Smartphones and Social Media
New technology is constantly shaping data collection techniques. Computers and the internet revolutionized how researchers are able to get questions to respondents enabling faster and cheaper survey data collection. Now smartphones and social media are changing how we think about surveys again. These technologies enable data to be captured as the respondent takes actions, an “in-the-moment” data collection process rather than the retrospective process that takes place when respondents answer questions. Since this is a very new area of data collection, this tipsheet focuses on what these technologies can offer rather.
Smartphones and Tablets
Smartphones by the numbers:1
35% of American adults own a smartphone
- 25% of all smartphone owners do most of their online browsing on their smartphone
- Ownership highest among those in the upper income and education brackets, as well as among 25-34 year olds
30% of all adults use internet or email on a smartphone
Data collection opportunities using smartphones:
Traditional survey methods: telephone call from an interviewer, web survey received via email or another method that the respondent completes using their smartphone
- Requests can be sent via text or email
Apps: used mostly by younger and more educated
- Respondent opts-in by installing the app
- Can be designed for whatever purpose necessary, whether capturing data or reminding respondent to answer questions
- Apps can handle multiple tasks for a complex research design
GPS/Location data can be collected
- Could be done automatically (provided respondent approval, of course)
- Done voluntarily by many already—“check-ins”
- Get information on frequency of visits to locations, how people travel, etc. in real time rather than asking respondents to recall their activity later (retrospectively).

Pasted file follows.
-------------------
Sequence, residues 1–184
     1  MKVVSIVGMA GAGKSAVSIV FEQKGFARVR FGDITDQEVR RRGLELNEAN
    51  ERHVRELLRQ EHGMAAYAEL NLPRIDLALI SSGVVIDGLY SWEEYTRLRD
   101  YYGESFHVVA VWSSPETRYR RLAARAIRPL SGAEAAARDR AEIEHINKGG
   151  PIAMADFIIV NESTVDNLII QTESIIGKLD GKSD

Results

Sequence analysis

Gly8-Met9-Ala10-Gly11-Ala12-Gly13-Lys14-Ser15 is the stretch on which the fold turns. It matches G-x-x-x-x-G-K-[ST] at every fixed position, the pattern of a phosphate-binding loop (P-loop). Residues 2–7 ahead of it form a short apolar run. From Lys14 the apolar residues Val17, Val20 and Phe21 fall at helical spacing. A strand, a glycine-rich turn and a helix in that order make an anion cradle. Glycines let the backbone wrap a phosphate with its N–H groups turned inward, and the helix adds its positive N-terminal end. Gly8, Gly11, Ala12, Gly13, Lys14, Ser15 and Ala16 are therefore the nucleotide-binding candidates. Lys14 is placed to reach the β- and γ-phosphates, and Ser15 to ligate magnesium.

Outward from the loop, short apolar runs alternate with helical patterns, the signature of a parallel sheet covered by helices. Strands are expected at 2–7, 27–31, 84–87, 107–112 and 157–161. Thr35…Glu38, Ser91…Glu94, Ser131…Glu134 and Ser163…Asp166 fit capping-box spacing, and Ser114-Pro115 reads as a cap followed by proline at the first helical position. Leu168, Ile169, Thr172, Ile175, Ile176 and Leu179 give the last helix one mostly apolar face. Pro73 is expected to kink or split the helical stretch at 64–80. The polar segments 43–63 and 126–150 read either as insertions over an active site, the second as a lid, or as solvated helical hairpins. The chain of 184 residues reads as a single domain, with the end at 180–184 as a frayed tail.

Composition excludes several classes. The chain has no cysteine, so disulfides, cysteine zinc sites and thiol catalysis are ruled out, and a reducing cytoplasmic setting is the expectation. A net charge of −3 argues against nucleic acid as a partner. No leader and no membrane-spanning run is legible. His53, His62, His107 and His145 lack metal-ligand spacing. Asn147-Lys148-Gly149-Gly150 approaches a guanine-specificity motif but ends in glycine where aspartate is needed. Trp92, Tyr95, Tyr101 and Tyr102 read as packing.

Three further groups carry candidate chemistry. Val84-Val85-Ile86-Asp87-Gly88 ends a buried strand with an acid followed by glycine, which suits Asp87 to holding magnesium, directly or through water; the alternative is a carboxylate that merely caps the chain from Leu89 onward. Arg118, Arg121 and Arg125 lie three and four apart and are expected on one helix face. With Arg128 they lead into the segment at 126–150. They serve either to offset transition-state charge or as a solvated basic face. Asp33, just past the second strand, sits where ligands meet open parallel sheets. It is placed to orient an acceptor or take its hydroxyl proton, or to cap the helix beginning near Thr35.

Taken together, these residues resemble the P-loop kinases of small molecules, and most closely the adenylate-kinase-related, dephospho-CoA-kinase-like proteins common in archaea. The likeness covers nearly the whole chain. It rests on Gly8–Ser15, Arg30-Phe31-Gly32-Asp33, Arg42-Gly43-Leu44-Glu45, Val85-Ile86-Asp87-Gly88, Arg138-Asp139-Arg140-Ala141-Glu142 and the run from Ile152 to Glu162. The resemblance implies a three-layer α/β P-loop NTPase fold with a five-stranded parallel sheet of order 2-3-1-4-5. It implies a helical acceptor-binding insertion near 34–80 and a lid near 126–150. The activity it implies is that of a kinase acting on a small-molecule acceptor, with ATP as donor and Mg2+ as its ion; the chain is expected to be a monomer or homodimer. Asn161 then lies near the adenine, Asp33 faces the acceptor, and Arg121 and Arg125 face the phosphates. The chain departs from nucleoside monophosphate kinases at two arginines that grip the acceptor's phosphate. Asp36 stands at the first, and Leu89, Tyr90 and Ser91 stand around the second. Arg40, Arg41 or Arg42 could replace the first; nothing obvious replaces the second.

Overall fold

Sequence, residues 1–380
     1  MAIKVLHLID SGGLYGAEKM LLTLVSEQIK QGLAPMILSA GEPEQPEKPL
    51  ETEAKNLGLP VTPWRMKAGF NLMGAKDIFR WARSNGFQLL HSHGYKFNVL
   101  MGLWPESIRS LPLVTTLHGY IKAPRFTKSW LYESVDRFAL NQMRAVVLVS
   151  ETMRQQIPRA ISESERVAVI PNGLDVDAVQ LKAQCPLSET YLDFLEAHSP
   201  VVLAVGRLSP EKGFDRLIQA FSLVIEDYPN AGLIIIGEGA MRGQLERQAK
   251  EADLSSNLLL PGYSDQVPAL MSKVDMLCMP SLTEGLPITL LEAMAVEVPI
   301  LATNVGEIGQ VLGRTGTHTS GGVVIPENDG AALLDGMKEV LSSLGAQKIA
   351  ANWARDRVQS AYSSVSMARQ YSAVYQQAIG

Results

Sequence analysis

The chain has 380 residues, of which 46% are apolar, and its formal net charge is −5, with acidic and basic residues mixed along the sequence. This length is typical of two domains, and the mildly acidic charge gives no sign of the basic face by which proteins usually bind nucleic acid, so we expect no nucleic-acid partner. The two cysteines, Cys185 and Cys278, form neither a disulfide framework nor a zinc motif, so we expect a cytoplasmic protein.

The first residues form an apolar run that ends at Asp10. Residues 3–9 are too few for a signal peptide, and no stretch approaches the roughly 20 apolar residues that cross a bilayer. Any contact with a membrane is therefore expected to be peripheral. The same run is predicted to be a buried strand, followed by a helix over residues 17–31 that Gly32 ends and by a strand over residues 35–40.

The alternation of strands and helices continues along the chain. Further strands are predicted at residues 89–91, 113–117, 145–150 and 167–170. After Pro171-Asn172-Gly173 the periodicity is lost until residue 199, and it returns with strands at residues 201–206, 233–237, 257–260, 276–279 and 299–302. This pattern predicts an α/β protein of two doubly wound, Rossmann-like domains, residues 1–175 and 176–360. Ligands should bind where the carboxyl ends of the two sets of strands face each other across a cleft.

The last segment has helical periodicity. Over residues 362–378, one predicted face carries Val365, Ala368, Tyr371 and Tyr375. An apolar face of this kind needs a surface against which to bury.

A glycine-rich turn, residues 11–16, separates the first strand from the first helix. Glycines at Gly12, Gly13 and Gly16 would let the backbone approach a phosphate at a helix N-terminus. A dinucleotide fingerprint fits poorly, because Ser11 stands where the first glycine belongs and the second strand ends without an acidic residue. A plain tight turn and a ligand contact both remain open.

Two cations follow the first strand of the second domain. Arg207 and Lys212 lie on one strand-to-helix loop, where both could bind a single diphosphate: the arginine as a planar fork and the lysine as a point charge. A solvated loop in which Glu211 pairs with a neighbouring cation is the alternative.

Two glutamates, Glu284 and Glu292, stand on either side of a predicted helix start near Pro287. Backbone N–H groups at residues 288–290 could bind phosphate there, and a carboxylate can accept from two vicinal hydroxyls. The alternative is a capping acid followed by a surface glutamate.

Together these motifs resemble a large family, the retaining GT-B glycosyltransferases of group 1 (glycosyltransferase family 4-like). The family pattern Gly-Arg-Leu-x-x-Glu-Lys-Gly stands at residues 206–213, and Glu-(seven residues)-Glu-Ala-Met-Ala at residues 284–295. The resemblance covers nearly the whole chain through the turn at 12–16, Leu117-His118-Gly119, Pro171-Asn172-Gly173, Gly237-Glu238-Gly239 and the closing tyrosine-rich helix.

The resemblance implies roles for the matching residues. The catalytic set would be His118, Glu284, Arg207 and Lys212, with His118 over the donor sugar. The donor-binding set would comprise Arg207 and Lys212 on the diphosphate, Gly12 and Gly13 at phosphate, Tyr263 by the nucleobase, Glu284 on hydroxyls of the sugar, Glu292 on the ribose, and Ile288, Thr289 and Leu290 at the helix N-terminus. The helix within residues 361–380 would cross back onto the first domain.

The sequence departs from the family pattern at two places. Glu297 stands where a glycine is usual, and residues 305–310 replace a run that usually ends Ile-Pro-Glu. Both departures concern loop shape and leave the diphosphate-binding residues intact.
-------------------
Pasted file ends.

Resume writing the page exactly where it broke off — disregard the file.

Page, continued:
Other data that could be collected
- Visual—pictures/video: immediate look at what individuals are experiencing
- Bar code scanning: respondents could scan items, enabling researchers to track consumer activity as it is happening rather than asking about it retrospectively.
Data collected via smartphone cannot be representative of the entire US population, since there is only 35% penetration of the technology. These devices also bring up new concerns regarding respondent privacy and confidentiality that should be carefully monitored.
Social media by the numbers:2
Social networks and blogs reach 80% of US internet users
- More time is spent on Facebook than any other site
- Social network sites account for nearly 25% of the total time individuals spend on the internet.
- 49.9% of all people age 13 or over log into Facebook at least once per month
- Only 2.4% of non-Facebook users logged into another social networking site, meaning that any research done using Facebook would miss very few social network users
Social media data collection opportunities:
Recruit participants for traditional mode surveys
- Place ads to get volunteers for opt-in survey panels
- Send a survey to a sample of users (you select sample)
- Second Life: actually approach avatars that represent people and ask them to do a survey—a virtual form of the face-to-face survey
Data available, often publicly, that users post on social media
- Basic information: gender, birthday, education, sexual orientation, where they live, work information
- Religious and political views
- Personal websites
- This information could be used to target potential research participants, to verify responses given on a survey, or to gather information about the sample without asking them any questions at all.
As with smartphones, using social media to collect data can introduce issues of privacy and confidentiality. Researchers should always consult the privacy agreements that social networking sites maintain with their users as well as their IRB or human subjects protection board. Used safely and correctly, with appropriate attention to privacy issues, smartphones and social media can be sources of huge amounts of data at relatively low costs to researchers.
Author: Natalie Jackson, DISM Survey Research Associate
1 Source: General Social Survey, Smith 2011. Tablet information from Pew 2011.
2 Source: Neilsen “State of the Media: The Social Media Report” 2011.
3 Source: Wells and Link 2011.